In 2018, as actress and activist Cynthia Nixon ran for governor and Public Advocate Jumaane Williams sought the lieutenant governor slot, they pushed for driver’s licenses for undocumented New Yorkers. Hochul, in a turnaround, tacitly gave her approval.

“I think she probably reflects the politics of western New York, which tend to be similar to Staten Island: moderate in many respects,” said Savino.

In 2011, Hochul ran her first congressional race and beat a Republican in a conservative district that had been held by the GOP since the 1960s. She won the congressional special election race by five percentage points — likely helped by a Tea Party candidate who siphoned off Republican votes.

Lt. Gov. Kathy Hochul receives a tour of the Brooklyn Brewery in the Navy Yard, July 2016.
Lt. Gov. Kathy Hochul gets a tour of the Brooklyn Brewery in the Brooklyn Navy Yard in 2016.
Office of the Lt. Governor

During her brief stint in the House of Representatives, Hochul campaigned heavily against a Republican plan to convert Medicare into a voucher program that could also be used in the private market.

In 2012, Republican Chris Collins, a former Erie County executive, challenged her re-election bid. The lines of her congressional district had been changed by a federal magistrate. She lost her seat to Collins by 5,000 votes or a margin of 1.6 percentage points.

Shortly after leaving Congress, Buffalo-based M&T Bank Corporation hired her as vice president of government relations.

Her political comeback came in 2014, when Cuomo’s first lieutenant governor, former Rochester Mayor Bob Duffy, bowed out. Duffy said he couldn’t keep up with the hectic travel schedule the job requires.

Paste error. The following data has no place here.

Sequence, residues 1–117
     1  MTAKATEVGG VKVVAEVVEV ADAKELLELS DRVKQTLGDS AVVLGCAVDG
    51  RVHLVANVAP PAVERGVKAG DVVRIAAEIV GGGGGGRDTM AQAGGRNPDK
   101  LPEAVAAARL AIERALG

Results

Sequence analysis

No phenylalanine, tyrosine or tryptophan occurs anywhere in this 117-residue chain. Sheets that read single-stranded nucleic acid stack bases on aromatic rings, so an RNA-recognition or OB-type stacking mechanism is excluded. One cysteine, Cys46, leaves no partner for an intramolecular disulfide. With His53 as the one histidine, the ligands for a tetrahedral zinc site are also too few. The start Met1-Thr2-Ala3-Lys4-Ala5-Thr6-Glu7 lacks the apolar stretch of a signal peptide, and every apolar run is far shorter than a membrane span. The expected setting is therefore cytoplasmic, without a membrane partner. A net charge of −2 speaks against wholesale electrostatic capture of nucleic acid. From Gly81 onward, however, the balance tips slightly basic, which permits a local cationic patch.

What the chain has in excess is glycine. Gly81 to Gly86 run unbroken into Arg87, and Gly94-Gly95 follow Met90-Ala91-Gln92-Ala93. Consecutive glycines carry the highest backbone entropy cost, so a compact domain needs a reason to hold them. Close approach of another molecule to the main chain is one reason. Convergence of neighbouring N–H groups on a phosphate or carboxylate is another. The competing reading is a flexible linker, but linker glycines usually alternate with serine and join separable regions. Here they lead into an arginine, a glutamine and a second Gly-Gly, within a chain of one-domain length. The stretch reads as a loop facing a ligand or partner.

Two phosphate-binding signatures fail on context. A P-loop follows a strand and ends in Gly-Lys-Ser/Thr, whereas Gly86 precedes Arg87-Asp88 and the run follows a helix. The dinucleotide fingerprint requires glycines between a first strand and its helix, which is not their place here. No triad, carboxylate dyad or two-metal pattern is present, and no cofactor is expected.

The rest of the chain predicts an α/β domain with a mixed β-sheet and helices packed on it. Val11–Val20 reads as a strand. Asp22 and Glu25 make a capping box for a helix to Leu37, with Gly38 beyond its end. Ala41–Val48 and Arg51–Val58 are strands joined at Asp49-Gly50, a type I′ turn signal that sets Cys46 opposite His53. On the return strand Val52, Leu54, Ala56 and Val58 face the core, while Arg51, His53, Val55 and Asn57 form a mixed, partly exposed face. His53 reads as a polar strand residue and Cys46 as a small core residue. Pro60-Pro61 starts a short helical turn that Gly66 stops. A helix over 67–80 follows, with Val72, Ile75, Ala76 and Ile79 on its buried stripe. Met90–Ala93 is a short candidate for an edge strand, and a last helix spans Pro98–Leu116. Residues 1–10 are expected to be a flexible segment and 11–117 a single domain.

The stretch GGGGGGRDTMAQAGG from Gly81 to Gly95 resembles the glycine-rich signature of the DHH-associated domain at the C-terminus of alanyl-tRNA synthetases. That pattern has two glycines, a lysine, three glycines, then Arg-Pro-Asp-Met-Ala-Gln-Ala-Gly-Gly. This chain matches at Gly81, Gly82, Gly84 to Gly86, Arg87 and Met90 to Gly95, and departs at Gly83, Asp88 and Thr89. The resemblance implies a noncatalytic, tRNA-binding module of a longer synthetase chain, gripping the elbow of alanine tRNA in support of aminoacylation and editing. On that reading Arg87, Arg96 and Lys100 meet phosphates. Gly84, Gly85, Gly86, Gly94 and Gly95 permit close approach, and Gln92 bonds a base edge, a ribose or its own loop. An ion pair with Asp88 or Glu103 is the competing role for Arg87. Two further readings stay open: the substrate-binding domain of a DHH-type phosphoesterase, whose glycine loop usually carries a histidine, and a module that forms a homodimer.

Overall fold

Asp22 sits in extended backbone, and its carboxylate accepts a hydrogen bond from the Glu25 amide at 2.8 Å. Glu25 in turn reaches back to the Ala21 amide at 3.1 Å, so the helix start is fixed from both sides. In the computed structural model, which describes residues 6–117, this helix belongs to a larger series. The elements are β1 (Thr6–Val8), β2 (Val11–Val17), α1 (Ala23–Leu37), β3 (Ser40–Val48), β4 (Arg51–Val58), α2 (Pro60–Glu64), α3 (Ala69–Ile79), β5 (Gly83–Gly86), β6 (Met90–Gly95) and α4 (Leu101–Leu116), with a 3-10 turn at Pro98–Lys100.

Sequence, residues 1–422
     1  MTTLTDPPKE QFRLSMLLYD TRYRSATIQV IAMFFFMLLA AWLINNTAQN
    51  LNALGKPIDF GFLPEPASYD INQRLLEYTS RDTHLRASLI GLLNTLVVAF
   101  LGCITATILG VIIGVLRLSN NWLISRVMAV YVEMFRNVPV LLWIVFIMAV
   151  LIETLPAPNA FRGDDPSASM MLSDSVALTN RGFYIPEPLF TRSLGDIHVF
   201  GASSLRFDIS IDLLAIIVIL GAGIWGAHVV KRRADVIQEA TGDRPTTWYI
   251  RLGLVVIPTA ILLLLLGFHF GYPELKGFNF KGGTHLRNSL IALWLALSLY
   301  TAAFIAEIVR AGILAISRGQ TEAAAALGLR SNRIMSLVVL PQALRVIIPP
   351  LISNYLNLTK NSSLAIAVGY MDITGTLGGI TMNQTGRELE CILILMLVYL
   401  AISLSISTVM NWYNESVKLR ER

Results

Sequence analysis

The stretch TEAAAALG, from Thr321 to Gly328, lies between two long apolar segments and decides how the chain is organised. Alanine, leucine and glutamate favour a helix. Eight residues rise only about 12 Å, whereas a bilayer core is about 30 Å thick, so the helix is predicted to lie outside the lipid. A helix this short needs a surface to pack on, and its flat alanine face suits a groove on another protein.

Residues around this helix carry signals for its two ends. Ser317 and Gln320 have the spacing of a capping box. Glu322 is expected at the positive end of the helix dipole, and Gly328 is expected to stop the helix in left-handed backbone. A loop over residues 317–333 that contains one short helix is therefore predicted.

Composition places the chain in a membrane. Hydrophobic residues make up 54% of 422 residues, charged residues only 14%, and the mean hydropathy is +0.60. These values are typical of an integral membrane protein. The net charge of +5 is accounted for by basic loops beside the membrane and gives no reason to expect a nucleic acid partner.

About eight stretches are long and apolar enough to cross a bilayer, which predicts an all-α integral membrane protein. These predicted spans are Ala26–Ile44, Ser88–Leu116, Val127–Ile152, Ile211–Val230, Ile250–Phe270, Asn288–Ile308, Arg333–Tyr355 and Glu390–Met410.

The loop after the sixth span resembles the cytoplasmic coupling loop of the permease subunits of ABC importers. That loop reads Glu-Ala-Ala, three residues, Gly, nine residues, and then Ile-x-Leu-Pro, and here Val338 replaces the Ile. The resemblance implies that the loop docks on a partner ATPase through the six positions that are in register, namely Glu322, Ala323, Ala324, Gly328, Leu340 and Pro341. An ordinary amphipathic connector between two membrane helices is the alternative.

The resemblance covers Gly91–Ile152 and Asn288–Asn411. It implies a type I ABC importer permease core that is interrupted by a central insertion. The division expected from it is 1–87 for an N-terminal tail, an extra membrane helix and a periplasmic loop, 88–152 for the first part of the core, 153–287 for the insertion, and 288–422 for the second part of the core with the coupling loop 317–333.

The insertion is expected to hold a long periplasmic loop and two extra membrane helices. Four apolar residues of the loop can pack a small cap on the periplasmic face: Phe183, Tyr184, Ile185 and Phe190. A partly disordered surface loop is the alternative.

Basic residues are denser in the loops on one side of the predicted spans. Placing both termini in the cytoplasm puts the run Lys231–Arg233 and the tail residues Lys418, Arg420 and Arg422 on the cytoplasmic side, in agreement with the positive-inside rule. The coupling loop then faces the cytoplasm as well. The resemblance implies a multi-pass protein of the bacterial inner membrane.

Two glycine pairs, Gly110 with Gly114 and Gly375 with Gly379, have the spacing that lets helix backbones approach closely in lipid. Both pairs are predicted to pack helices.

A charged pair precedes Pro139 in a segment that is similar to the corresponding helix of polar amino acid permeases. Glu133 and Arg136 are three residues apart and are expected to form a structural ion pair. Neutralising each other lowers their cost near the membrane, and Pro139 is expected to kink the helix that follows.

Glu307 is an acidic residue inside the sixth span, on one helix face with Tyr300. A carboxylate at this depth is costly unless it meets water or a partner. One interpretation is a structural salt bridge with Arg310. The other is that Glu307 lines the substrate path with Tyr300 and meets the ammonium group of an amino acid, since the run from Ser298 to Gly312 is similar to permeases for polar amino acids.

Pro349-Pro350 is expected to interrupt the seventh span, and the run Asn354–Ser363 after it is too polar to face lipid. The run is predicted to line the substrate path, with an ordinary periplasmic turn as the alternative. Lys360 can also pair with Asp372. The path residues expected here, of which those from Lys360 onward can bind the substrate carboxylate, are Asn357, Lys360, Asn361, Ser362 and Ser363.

There was no such problem with Hochul: After her election, Cuomo began sending her across the state to highlight his pet projects and serve as his administration’s main surrogate, bringing her to all corners of New York.

Lt. Gov. Kathy Hochul visits a Queens shop.
Lt. Gov. Kathy Hochul visits a merchant in Jackson Heights.
Office of the Lt. Governor

Visits to New York City may not be enough for Hochul to prove to downstate Democrats that she’s the right candidate to potentially succeed Cuomo in a 2022 election, especially with local officials like Williams said to be considering a run.

Still, she has shown an ability to fundraise when needed, collecting and spending nearly $4.8 million in her two congressional runs. So far, her campaign has raised $1.9 million this cycle and has $1.7 million on hand.

From Upstate to D.C. and Back

Hochul was born the second of six children to Jack and Pat Courtney, who started their marriage living in a small trailer in Buffalo. Her father was a clerical worker at Bethlehem Steel, where he also was an union organizer. He eventually became president of an information technology company.

Hochul attended Syracuse University, where she boycotted a campus bookstore for high prices and tried to get the school to name their famous stadium, the Carrier Dome, after alumnus and NFL player Ernie Davis. She also rallied to get the university to divest from South Africa to help end apartheid.

After graduating from Catholic University with a law degree, Hochul worked at a Washington law firm. She later toiled on Capitol Hill as an attorney and legislative aide for then-Rep. John J. LaFalce and U.S. Sen. Daniel Patrick Moynihan, both New York Democrats.

Hochul lives in Buffalo with her husband, William Hochul, a former U.S. Attorney for Western New York who now works as general counsel for Delaware North, a hospitality company. They have two adult children, William and Katie.